Another process to modulate expression of a gene of interest is based on the natural process of RNA interference. It relies on double-stranded RNA (dsRNA) that is cut by an enzyme called Dicer, resulting in double stranded small interfering RNA (siRNA) molecules which are 20-25 nucleotides long. siRNA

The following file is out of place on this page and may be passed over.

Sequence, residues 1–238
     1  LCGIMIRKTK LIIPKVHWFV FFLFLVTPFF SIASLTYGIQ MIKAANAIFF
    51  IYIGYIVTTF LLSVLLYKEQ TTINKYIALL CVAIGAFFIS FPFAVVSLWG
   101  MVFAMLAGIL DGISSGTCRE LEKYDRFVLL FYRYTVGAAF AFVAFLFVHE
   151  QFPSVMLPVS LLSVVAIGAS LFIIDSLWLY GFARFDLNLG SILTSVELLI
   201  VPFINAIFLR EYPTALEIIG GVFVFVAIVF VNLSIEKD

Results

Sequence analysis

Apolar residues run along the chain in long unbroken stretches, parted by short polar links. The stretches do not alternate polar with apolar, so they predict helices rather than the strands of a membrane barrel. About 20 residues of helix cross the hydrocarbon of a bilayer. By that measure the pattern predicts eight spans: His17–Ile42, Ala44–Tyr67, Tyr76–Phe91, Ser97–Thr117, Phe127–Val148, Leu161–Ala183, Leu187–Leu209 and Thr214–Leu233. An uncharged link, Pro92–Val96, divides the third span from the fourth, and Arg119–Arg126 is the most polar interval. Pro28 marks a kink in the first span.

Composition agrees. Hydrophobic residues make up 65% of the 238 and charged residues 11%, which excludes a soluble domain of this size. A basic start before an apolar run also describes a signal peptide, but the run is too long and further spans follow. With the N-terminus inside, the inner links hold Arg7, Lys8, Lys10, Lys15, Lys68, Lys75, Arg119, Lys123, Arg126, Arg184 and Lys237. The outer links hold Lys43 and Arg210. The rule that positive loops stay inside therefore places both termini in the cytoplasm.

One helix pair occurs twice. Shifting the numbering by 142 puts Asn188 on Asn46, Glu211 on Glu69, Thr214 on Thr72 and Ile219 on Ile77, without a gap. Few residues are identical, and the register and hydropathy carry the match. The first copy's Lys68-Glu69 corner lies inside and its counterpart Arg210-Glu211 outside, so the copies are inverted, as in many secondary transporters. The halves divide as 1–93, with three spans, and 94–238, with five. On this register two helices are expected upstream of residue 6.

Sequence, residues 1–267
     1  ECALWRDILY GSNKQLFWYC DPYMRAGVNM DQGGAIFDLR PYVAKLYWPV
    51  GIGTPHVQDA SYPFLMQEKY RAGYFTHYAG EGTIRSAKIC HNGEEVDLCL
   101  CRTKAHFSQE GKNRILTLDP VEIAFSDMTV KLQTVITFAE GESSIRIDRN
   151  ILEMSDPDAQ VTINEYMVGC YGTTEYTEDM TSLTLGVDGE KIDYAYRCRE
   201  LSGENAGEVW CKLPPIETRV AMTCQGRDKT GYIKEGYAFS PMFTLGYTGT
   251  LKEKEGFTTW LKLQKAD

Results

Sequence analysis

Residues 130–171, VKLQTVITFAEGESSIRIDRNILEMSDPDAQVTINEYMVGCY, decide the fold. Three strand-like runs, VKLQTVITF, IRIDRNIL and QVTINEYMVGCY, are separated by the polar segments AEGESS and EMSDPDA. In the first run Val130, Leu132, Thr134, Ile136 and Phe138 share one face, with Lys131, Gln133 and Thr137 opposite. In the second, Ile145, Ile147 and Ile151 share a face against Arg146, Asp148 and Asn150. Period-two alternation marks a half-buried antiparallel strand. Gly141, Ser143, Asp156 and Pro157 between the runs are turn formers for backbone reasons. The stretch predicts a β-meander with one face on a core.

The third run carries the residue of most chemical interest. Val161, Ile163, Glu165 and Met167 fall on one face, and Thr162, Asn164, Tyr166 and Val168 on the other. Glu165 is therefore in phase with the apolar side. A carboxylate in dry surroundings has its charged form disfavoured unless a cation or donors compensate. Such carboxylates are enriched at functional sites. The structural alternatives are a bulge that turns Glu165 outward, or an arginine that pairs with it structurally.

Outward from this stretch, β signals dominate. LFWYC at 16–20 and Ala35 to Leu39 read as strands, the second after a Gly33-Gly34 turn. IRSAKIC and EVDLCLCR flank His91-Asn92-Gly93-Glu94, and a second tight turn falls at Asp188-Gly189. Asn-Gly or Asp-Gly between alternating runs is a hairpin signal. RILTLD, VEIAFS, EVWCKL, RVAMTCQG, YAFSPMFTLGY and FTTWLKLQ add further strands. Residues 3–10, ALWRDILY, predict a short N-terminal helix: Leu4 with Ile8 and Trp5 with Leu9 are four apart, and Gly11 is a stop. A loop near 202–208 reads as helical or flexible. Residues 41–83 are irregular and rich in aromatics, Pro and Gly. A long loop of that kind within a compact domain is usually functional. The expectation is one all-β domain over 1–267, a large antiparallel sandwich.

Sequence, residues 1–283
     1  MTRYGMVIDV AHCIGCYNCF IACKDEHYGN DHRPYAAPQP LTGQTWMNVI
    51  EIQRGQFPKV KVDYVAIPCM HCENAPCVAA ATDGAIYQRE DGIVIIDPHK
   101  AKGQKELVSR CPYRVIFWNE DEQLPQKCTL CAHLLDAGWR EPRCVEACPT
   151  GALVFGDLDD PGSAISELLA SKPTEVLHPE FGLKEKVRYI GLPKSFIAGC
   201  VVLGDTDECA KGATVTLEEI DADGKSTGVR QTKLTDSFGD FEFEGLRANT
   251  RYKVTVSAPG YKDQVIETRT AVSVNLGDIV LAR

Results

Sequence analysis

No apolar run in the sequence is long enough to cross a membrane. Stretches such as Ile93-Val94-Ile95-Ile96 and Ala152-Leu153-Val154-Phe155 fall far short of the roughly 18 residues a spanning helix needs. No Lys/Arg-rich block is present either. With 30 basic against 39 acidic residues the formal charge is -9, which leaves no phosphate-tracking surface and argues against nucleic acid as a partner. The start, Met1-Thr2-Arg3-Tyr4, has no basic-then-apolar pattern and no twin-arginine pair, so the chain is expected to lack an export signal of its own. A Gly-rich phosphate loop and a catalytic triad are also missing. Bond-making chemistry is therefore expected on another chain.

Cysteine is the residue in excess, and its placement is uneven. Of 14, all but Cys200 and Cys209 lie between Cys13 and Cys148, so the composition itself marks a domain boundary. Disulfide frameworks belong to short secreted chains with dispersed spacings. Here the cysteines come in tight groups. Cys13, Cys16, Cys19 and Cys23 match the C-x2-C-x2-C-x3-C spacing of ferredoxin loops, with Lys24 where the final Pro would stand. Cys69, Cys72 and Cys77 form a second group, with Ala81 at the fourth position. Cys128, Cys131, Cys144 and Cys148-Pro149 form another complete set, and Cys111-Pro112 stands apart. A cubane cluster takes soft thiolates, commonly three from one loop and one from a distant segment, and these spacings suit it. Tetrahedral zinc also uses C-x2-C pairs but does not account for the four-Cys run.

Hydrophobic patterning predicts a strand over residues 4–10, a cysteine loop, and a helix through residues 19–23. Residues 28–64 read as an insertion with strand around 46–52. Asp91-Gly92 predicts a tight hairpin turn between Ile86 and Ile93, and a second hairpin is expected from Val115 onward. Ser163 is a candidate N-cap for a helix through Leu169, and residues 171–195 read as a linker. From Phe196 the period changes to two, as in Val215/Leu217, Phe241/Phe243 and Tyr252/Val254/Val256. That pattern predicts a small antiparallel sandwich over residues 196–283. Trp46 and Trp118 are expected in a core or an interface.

then binds to the cellular RNA-lnduced Silencing Complex (RISC) separating the two strands into the passenger and guide strand. While the passenger strand is degraded, RISC is cleaving mRNA specifically at a site instructed by the guide strand. Destruction of the mRNA prevents production of the protein of interest and the gene is 'silenced'. siRNAs are dsRNAs with 2 nt 3' end overhangs whereas shRNAs are dsRNAs that contains a loop structure that is processed to siRNA. shRNAs are introduced into the nuclei of target cells using a vector (e.g. bacterial or viral) that optionally can stably integrate into the genome . Apart from checking for lack of cross-reactivity with non-target genes, manufacturers of RNAi products provide guidelines for designing siRNA/shRNA. siRNA sequences between 19-29 nt are generally the most effective. Sequences longer than 30 nt can result in nonspecific silencing. Ideal sites to target include AA dinucleotides and the 19 nt 3' of them in the target mRNA sequence. Typically, siRNAs with 3' dUdU or dTdT dinucleotide overhangs are more effective. Other dinucleotide overhangs could maintain activity but GG overhangs should be avoided. Also to be avoided are siRNA designs with a 4-6 poly(T) tract (acting as a termination signal for RNA pol III), and the G/C content is advised to be between 35-55%. shRNAs should comprise sense and antisense sequences (advised to each be 19-21 nt in length) separated by loop structure, and a 3' AAAA overhang. Effective loop structures are suggested to be 3-9 nt in length. It is suggested to follow the sense-loop-antisense order in designing the shRNA cassette and to avoid 5' overhangs in the shRNA construct. shRNAs are usually transcribed from vectors, e.g. driven by the Pol III U6 promoter or HI promoter. Vectors allow for inducible shRNA expression, e.g. relying on the Tet-on and Tet-off inducible systems commercially available, or on a modified U6 promoter that is induced by the insect hormone ecdysone. A Cre-Lox recombination system has been used to achieve controlled expression in mice. Synthetic shRNAs can be chemically modified to affect their activity and stability. Plasmid DNA or dsRNA can be delivered to a cell by means of transfection (lipid transfection, cationic polymer-based nanoparticles, lipid or cell-penetrating peptide conjugation) or electroporation. Viral vectors include lentiviral, retroviral, adenoviral and adeno-associated viral vectors.